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The Springfield Main Street District will soon be considered by the Kentucky Historic Preservation Review Board for nomination to the National Register of Historic Places.
An informational meeting to discuss the designation with property owners took place on Tuesday at the Springfield Opera House.
Nell Haydon, the director of Springfield’s Main Street / Renaissance program, said that she wants residents to know that there are no limitations placed on the property if listed on the national register.
“It is really sort of an honorary designation that this is a historic property, and hopefully will be preserved,” she said.
There are, however, some financial incentives.
“There are tax credits available on both the federal level and the state level in improving your properties,” she said.
Haydon cited one example that applies to commercial enterprises.
“There’s an agency in Frankfort that tells you what you can do to that building (to restore it),” she said. “At the end of your renovation process, if you followed and meet with them and follow their guidelines, you can qualify for up to 20 percent in tax credits for a commercial enterprise.”
Haydon said the financial incentive was one reason she wanted to make the entire Renaissance district available for the national register.
“The residential (buildings), that process is a bit different. There is a little bit of financial incentive there,” she said.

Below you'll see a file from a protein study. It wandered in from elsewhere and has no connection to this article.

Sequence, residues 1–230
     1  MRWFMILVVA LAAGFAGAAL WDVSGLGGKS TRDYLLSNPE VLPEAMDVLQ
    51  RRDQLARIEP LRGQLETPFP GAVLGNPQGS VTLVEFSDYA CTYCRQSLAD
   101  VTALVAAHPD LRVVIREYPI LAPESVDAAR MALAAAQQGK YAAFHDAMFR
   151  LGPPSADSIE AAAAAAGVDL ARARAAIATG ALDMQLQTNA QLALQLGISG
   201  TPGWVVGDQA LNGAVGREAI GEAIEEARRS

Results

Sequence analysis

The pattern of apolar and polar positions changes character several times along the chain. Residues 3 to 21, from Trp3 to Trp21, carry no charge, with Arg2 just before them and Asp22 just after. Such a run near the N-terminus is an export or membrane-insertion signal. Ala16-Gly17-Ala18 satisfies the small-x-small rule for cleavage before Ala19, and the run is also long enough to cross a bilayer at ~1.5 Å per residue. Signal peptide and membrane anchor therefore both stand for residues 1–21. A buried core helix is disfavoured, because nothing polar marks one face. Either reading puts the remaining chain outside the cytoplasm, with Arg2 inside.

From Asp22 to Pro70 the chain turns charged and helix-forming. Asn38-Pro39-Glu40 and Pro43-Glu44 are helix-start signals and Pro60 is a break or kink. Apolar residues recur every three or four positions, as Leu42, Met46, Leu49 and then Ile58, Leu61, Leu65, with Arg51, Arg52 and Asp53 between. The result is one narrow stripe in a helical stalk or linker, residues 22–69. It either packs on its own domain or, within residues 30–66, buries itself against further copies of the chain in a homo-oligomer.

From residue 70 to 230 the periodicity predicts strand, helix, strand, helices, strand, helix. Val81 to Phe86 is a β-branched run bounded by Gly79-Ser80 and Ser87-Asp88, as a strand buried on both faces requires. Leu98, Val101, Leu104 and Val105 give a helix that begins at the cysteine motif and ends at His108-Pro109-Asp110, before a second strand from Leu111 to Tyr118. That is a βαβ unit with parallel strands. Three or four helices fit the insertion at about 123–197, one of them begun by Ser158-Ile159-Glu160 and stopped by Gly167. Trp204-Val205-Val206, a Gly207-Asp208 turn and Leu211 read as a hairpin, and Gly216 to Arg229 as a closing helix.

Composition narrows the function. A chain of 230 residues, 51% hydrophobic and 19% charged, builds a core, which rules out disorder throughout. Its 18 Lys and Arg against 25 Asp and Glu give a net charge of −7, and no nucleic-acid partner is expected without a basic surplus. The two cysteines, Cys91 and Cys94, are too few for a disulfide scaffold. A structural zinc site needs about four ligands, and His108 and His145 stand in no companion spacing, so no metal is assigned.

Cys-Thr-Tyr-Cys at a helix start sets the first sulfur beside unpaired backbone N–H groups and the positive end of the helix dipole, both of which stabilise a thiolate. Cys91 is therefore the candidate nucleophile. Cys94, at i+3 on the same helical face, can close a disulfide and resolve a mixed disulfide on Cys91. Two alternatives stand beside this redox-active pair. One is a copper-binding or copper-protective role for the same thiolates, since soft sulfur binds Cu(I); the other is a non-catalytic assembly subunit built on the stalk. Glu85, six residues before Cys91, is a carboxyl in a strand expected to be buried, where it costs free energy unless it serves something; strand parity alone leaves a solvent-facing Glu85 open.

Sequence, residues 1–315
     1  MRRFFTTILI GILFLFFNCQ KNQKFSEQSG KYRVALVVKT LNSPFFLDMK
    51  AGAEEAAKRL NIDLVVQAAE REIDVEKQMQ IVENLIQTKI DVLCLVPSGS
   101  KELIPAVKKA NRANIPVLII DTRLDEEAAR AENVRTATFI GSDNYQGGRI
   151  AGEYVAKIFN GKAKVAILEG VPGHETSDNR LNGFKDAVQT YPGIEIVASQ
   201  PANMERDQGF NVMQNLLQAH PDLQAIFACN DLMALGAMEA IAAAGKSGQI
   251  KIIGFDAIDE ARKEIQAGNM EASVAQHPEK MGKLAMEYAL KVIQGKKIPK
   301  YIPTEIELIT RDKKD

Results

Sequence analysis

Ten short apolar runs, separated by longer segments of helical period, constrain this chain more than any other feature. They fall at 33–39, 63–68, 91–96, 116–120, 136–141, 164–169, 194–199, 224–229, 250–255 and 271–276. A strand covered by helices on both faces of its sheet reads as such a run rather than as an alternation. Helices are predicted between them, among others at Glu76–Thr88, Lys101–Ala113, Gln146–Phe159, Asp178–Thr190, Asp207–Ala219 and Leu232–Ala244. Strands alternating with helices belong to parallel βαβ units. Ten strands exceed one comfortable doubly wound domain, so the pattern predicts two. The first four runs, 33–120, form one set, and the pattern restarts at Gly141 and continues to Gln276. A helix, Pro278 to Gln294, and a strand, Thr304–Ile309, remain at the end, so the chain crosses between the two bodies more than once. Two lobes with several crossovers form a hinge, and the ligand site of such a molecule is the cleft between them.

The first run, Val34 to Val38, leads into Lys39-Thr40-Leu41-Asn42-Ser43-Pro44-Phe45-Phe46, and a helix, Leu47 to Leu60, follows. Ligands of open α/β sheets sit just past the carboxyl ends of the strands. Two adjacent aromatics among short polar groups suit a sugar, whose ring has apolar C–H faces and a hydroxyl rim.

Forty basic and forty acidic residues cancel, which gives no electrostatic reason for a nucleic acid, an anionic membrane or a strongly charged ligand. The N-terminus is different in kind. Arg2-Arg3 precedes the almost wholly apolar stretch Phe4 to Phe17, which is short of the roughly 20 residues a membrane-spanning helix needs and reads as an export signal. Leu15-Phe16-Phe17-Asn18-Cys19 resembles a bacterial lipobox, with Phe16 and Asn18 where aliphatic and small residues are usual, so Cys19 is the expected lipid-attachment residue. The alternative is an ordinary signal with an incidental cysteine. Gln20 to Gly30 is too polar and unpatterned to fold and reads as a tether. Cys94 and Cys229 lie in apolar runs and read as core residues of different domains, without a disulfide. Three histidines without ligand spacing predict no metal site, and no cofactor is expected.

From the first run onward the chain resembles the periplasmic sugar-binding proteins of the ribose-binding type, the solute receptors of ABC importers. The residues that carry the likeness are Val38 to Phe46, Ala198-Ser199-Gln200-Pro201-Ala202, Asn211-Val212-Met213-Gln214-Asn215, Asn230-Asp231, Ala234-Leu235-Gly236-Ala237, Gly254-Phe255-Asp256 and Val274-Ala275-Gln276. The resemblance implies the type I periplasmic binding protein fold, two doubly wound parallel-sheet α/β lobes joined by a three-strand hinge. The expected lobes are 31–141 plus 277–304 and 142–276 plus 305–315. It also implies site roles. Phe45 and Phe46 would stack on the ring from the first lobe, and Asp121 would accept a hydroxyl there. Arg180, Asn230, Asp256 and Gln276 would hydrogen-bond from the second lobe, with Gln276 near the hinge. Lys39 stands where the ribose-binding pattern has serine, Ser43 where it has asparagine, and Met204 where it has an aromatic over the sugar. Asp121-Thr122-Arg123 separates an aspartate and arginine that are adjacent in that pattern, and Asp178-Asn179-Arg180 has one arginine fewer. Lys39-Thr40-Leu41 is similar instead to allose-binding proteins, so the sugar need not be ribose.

According to Haydon, the downtown district is already on the register, as well other areas in the city and county.
Haydon said there were basically no restrictions on what property owners do to their properties, as long as they are within local building and planning and zoning codes.
In the letter to residents, it said, “Owners are not required to show their buildings to tourists or to provide access to their sites as a result of the listing.”
According to Haydon, the city of Springfield applied for a Federal Survey and Planning Grant through the Kentucky Heritage Council. The city received a $7,500 federal grant for the project.
“Our goal is to enlarge the Main Street Historic District to include all properties in the designated Renaissance district, which runs from the Board of Education to Commercial Ave,” Haydon said.
Haydon said the Kentucky Archaeological Survey at the University of Kentucky served as the city’s consultant to prepare the required surveys for the district.
To object to your property being nominated to the national register, a notarized letter must be sent stating objection by Sept. 6 to Lindy Casebier, Acting Executive Director, Kentucky Heritage Council and State Historic Preservation Officer, 300 Washington St., Frankfort, KY 40601.